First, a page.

T Nation

What Martial Art?

I know we have a lot of martial artist on “The Forum”, so I would like to ask you guys opinion.


What Martial Art discipline do you think most fully intergrates strength, flexibility, discipline,“spiritual enlightenment” (define that as you may) and can be looked at as an adjunct to lifetime health? I’m not looking for something that would be “best in a street fight”, but a discipline for lifelong physical and mental health. As always…thanks, Grasshoppers!

Won’t be a popular answer, but I’d probably go with something like Tai Chi. Take loads of each of those things to get really good at it.

Runners-up would probably be Aikido (my own art), Shao lin karate, Daito-Ryu aikijiujitsu, some forms of kung-fu.

Honestly, I think it mostly is dependent upon your instructor, as well as the amount of time you invest in it. If you have specific goals you’d like to meet, I’d suggest you meet with the different insructors in your area, take intro classes (they’re usually free), and ask them how their individual styles would cater to your needs.

If you want spirituality go to church. As far as actual sport, stay away of those who use mostly static katas or forms. Pick a martial art that is partner-centric. Preferably one that uses heavy thai pads, use of combinations (not this one death strike BS), and use of realistic throws.

Lifelong physical and mental health? I agree with akigreg. Tai Chi is the way to go if these are your goals.

Whatever discipline you study do not ever go to a place called Oriental Sports Academy. They have you sign a two year contract weather you attend or not. I spoke with then instuctor and he said not to worry about that because if circumstances change that he would make exceptions. His idea of an exception is since I am moving he will charge me 60% of the contract if I do not pay he will go after the full 100% ot the contract. Learn a lesson from my mistakes. Read the contract and pay no attention to what they say about it. Trust no one. BTW this place is in Virginia.

WAX ON:WAX OFF:PAINT THE FENCE:SAND THE DECK: What the fuck else do you need? There are 4 Karate Kid movies you can mastaaaaah. I am a ninja and I love pancakes!

Were you dropped on your head as a baby? Did you eat paint chips as a kid? Did you play under power lines? Seriously man you crack me the hell up.

Aikido is great for what you are looking for. Has that be cool to each other vibe, and helps you stay loose although the first few weeks are kind of bumpy (you first need to learn fall and flow with the movements). Tai chi is good to but some people find it boring. I personally like to bang so its full-contact street styles for me. I believe in peace and love but sometimes you need to hand out an ass whuppin’…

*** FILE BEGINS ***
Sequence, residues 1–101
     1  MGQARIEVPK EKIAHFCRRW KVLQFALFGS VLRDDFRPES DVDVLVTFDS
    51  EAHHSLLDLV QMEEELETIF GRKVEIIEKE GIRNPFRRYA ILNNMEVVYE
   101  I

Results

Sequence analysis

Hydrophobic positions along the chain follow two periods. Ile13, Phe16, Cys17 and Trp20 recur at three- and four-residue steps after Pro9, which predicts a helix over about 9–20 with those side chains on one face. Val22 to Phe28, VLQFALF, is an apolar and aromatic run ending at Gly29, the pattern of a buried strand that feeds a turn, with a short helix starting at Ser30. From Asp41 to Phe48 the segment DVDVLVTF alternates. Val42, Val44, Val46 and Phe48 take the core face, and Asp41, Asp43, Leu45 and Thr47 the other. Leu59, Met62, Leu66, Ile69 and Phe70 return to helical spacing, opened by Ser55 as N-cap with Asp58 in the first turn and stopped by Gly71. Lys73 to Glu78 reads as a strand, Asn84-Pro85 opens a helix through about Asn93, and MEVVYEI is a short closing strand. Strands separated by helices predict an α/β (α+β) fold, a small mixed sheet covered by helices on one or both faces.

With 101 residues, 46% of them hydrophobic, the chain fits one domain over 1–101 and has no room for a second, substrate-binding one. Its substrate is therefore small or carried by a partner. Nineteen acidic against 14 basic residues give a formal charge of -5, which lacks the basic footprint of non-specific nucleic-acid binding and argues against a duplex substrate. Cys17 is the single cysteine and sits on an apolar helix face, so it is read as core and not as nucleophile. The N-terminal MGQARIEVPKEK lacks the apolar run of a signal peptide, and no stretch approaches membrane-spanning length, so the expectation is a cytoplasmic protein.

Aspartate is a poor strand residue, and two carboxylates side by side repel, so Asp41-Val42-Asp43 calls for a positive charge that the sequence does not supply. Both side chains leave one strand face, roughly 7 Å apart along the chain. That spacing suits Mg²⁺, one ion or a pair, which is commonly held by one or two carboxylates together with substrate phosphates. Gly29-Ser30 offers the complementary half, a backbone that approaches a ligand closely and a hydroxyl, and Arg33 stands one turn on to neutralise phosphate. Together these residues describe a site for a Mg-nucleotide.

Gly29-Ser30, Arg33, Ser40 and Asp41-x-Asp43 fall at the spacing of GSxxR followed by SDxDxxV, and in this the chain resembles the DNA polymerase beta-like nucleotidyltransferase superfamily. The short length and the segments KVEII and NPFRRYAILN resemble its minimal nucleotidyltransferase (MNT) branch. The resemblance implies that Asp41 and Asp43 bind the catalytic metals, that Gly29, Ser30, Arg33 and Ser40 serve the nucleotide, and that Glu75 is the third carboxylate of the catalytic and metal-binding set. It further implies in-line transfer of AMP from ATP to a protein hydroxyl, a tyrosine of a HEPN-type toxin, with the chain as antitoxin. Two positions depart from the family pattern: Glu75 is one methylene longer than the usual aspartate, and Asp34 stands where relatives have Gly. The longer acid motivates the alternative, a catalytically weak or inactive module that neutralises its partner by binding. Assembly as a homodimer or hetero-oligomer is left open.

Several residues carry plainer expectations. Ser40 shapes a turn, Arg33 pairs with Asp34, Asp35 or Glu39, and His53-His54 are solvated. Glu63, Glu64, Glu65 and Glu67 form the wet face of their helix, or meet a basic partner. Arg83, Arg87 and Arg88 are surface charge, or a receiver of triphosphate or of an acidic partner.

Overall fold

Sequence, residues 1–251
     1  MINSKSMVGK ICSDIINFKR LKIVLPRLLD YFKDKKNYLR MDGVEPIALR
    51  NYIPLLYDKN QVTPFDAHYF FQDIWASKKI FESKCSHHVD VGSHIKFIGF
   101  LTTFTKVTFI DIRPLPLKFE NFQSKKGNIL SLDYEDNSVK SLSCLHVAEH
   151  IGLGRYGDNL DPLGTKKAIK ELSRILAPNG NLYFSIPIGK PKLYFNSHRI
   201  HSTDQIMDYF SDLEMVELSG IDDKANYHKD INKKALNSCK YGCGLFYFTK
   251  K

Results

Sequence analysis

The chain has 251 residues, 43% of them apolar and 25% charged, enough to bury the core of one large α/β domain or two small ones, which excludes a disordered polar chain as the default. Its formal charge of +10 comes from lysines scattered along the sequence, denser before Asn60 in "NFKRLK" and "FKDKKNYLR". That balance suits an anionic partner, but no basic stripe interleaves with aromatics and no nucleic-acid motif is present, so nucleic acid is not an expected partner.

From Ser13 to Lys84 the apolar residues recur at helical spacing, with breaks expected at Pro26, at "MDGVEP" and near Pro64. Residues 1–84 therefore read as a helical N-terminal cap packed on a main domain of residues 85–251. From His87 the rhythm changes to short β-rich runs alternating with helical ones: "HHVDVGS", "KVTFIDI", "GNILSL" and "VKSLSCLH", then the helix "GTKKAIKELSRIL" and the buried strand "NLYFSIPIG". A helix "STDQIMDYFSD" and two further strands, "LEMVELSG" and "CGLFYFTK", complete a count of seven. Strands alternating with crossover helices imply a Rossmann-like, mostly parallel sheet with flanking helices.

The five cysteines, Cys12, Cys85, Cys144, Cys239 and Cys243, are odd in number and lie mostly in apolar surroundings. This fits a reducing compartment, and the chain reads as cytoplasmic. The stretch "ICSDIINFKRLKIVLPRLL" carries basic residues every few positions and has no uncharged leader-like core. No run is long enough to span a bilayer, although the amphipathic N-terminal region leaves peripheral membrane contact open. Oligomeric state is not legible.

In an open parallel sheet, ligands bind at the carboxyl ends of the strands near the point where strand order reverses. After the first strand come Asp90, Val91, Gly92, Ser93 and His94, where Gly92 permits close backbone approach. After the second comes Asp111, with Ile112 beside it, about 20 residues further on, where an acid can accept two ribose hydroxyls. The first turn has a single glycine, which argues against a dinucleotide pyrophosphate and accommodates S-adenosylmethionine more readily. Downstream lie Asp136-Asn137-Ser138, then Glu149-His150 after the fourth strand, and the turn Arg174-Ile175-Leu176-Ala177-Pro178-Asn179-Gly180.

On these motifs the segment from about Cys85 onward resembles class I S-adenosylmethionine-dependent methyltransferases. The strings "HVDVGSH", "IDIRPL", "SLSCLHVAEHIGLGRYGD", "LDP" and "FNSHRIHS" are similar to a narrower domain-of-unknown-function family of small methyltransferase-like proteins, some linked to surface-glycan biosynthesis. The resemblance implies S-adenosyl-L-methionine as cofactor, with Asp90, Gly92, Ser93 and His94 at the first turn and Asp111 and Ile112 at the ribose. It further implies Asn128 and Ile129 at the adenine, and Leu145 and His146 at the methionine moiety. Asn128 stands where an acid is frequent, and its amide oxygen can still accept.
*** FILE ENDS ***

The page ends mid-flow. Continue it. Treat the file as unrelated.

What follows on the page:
Yeh man, Tai Chi is a really good choice. and some of the Kung Fu’s. if you can get a reall, thats reall, teacher that is. in the traditional ones often a heigher level “grading” is just as much about medicine, meditation, acupunture, philosofy, and such things as it is about physical aspects. but most of these guys that are setting up schools and trying to teach it have no right doing it. this is actually one of the worlds fastest growing buissness fields, for a couple of years now, so its a little like the supplement buissnes. but in short if you can find somthing like Wing Chung, Aikido, even some of the Karates that havent become sport orientated, they are all good for inlightenment. though like i said try to find somthing along this lines in the West is kind of hard. i think everyone is right when they say Tai Chi, its remaind in tact alot more, its not in the movies which helps alot, too. how about that?

I wholeheartedly agree with Aikigreg, chin and the others. For what you are looking for tai chi is the best. I don’t know about aikido except for what I read but I would defer to Aikigreg and figure it to e really good for what you are looking for. There is a good book about standing meditation which might be real enlightening and might help you on your path it is called The Way Of Energy By Lam Kam Chuen. I believe it’s still available at Barnes and Noble.com. Try following it for one month you might be surprised at the changes it will make in you. Beware it is not as easy as it sounds. Good Luck.

Thanks, guys. With the responses received, I felt that I better give a little more clarification.


For some time now, my primary goal has been aesthetic; and it still is. However, as I’ve gotten older, I have come to realize that there are some VERY important keys to longevity that can’t be overlooked. If we focus just on any one, then we most likely will sacrifice a life that is a long AND HEALTHY one. (Spending the last 30 years of one’s life immobile and/or bedridden, with great looking pecs, would not be much of a life). Those keys appear to be:


1)Diet, diet, diet


2)The maintenance of muscle mass and strength


3)Flexibility


4)Mental focus and acuity


5)Relaxation, Joy, Happiness, “Spiritual Enlightenment”, etc. (By the way; “Church” is NOT the way many people reach these goals).


The latter is VERY individual. The first four may vary in the WAYS we reach them, but eventual outcomes are relatively the same.


For the longest I’ve struggled with “How do I incorporate strength training?” “What about flexibility?” “What about mental focus?” Then I realized that they ALL can be incorporated in the right form of Martial Arts. Thus my question. Now…a little insight.


In the Chinese martial arts world, there are two broad “streams”: 1) The “hard” school (exemplified best by Shaolin Style Wushu (“wu” meaning the ART of fighting and “shu” is the SKILL of fighting) and 2) The “soft” school (exemplified best by Tai Chi). Shaolin Style Wushu (although not totally a correct term), is commonly known as “Kung Fu”.